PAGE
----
10 Myths & Facts About Deaf Dog Behavior
Did you know that some folks in the scientific community are studying deaf dogs? When I heard this, I jumped for joy. It was a moment of excitement, relief and “I need to know more Right. This. Second!”. My brain was firing synapses so fast that I could feel them ricocheting around my brain. My entire body was tingling with excitement!
- What about deaf dogs are they studying?
- What are they learning?
- Who is doing the research and how do I convince her (or him) to talk to me?
A few months ago, I stumbled across Animal Behaviorist Dr. Valeri Farmer-Dougan, PhD and her Canine Behavior and Cognition Laboratory at Illinois State University. There wasn’t very much information on the university website about the actual research and findings that Dr. Farmer-Dougan and her team were working on, so I kept digging. I hunted and pecked my way through the Google machine until I found an abstract to a recent study Dr. Farmer-Dougan authored and published, but not the full study.
The abstract only fueled my appetite for more information, so I picked up the phone. Being 10:00 PM on a Friday night, I had no option but to leave a voicemail message explaining who I was, what I do and why I wanted to chat with her. And then the hard part– twiddling my thumbs all weekend long, waiting, hoping she wouldn’t think I was a crackpot weirdo. I’m sure I was talking a mile a minute so no one couldn’t blame her for thinking I might be off my medication and in need of a different type of conversation with a different type of professional. Either I didn’t sound as crazy as I feared or she responds to crazy bloggers because she called me back on Monday morning. Of course, I missed her call.
For the next several months, we played phone tag. However, a few weeks ago, the stars aligned, our schedules meshed and she gave me nearly and hour and a half of her time- talking to me, sharing information about her work and answering my questions. Dr. Farmer-Dougan has lots of keen insights into deaf dog behavior and cognition, which both reinforced things I knew or thought to be true, but also opened my eyes to some aspects of deaf dogs that I had never considered.
She also shared with me that elusive study that was published in the Journal of Veterinary Behavior. Equally important though, she explained her findings and offered me reasons, explanations and theories for some of the differences that we see in deaf dog cognition and behavior.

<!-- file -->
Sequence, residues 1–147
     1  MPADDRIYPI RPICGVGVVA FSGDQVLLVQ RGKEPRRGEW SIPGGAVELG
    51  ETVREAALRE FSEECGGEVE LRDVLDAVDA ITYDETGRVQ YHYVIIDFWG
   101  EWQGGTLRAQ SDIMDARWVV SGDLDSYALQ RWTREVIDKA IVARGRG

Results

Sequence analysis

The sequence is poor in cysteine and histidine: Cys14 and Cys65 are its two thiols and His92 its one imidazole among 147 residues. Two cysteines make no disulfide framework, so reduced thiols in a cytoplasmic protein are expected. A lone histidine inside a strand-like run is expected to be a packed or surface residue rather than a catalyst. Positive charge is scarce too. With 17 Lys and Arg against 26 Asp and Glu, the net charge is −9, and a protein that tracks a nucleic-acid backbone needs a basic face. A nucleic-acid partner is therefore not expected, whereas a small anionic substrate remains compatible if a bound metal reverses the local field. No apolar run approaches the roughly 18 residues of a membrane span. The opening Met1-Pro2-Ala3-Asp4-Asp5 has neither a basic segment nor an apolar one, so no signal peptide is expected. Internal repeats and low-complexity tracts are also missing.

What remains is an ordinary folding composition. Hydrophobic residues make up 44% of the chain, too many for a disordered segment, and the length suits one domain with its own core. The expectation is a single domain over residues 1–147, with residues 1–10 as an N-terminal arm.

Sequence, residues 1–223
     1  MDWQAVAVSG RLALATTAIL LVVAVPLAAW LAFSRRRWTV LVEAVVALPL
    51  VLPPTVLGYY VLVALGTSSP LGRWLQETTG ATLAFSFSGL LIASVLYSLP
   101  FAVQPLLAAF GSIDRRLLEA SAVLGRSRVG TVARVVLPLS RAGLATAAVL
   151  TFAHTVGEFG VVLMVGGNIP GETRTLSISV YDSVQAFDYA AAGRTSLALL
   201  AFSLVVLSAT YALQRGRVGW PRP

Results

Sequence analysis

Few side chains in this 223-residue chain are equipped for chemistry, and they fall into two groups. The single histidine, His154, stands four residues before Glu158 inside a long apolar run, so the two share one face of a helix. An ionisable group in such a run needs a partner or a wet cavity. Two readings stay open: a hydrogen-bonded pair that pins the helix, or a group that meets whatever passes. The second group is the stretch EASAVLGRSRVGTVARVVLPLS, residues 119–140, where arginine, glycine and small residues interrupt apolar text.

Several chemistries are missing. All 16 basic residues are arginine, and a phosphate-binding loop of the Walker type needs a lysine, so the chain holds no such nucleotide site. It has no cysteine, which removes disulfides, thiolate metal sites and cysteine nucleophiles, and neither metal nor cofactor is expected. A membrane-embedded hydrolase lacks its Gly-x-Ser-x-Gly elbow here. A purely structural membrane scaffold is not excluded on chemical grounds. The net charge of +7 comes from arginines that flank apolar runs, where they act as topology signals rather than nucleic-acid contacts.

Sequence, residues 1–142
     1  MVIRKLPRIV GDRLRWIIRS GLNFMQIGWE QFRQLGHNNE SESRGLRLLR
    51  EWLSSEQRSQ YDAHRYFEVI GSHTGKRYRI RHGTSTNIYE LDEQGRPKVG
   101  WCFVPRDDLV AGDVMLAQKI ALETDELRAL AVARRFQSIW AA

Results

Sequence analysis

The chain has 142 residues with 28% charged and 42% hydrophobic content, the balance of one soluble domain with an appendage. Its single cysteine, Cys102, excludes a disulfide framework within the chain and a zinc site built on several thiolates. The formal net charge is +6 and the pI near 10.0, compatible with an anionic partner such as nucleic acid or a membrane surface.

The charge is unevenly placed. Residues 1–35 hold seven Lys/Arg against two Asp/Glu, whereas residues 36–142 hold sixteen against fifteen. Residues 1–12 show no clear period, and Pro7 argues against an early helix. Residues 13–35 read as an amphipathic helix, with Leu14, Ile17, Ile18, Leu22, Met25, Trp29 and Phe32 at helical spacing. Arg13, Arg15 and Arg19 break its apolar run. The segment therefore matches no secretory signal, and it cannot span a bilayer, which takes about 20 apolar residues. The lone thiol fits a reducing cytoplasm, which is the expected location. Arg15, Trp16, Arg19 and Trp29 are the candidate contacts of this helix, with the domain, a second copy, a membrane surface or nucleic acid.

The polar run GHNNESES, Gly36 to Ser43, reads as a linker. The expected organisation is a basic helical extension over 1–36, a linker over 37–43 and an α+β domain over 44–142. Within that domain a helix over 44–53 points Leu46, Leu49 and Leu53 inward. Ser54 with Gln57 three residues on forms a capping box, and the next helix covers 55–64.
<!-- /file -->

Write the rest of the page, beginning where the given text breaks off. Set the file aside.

Here are 10 myths & facts about deaf dogs as confirmed by scientific inquiry.
Myth #1: Deaf dogs are more aggressive than hearing dogs
Fact: Analysis of the data proves that congenitally (born) deaf or blind dogs are significantly less likely to display aggression than their hear or seeing counterparts! We’re talking 20% less! This data is important and should be memorized by deaf dog pet parents and advocates everywhere. This one statistic can actually change perceptions and the lives of deaf dogs everywhere. The next time someone tells you that deaf dogs are more aggressive and dangerous, share this fact and take charge of that conversation.
Myth #2: The only way to train a deaf dog is with hand signs.
Fact: False. Though using hand signs to train and communicate with a deaf dog is very common, one alternative is to communicate with physical prompts or “touch training”. In fact, according to Dr. Farmer-Dougan’s research findings, touch training is used almost as frequently by deaf dog pet parents as hand signs. Dr. Farmer-Dougan herself utilizes touch training, though not exclusively. Touch training involves touching the dog on different parts of the body or in different ways (1 tap, 2 taps, a short directional pet, etc.) to communicate different commands. One example she shared was teaching a deaf dog that a rub along the chin means to “come”.
Myth #3: Deaf dogs are more likely to experience separation anxiety.
Fact: No significant differences in frequency of separation anxiety was noted between deaf and hearing dogs, however my conversation with Dr. Farmer-Dougan revealed some interesting differences in the reason for separation anxiety between deaf dogs and hearing dogs. Dr. Farmer-Dougan theorizes that the reasons for separation anxiety in deaf and hearing dogs is different. She believes that the primary cause of anxiety for deaf dogs is waking up or looking up from a really interesting dust bunny he’s playing with and realizing that his person has disappeared, whether that’s into a different room or from the house altogether. She has noted that, in these circumstances, the deaf dog will go hunt for his person and, once found, will frequently return to what he was doing and relax. A hearing dog with separation anxiety, she suggests, is more related to being left alone. For deaf dogs, it’s more of a case of “Where are you?” causing stress rather than, “Why am I alone?”.Her recommendation for preventing “separation” anxiety in deaf dogs is simple: when you leave the room or the house, notify your deaf dog that you’re leaving. When this simple and additional communication occurs, she finds that deaf dogs do not exhibit behavior similar to separation anxiety. Of course, every dog is different, but this is a good rule of thumb.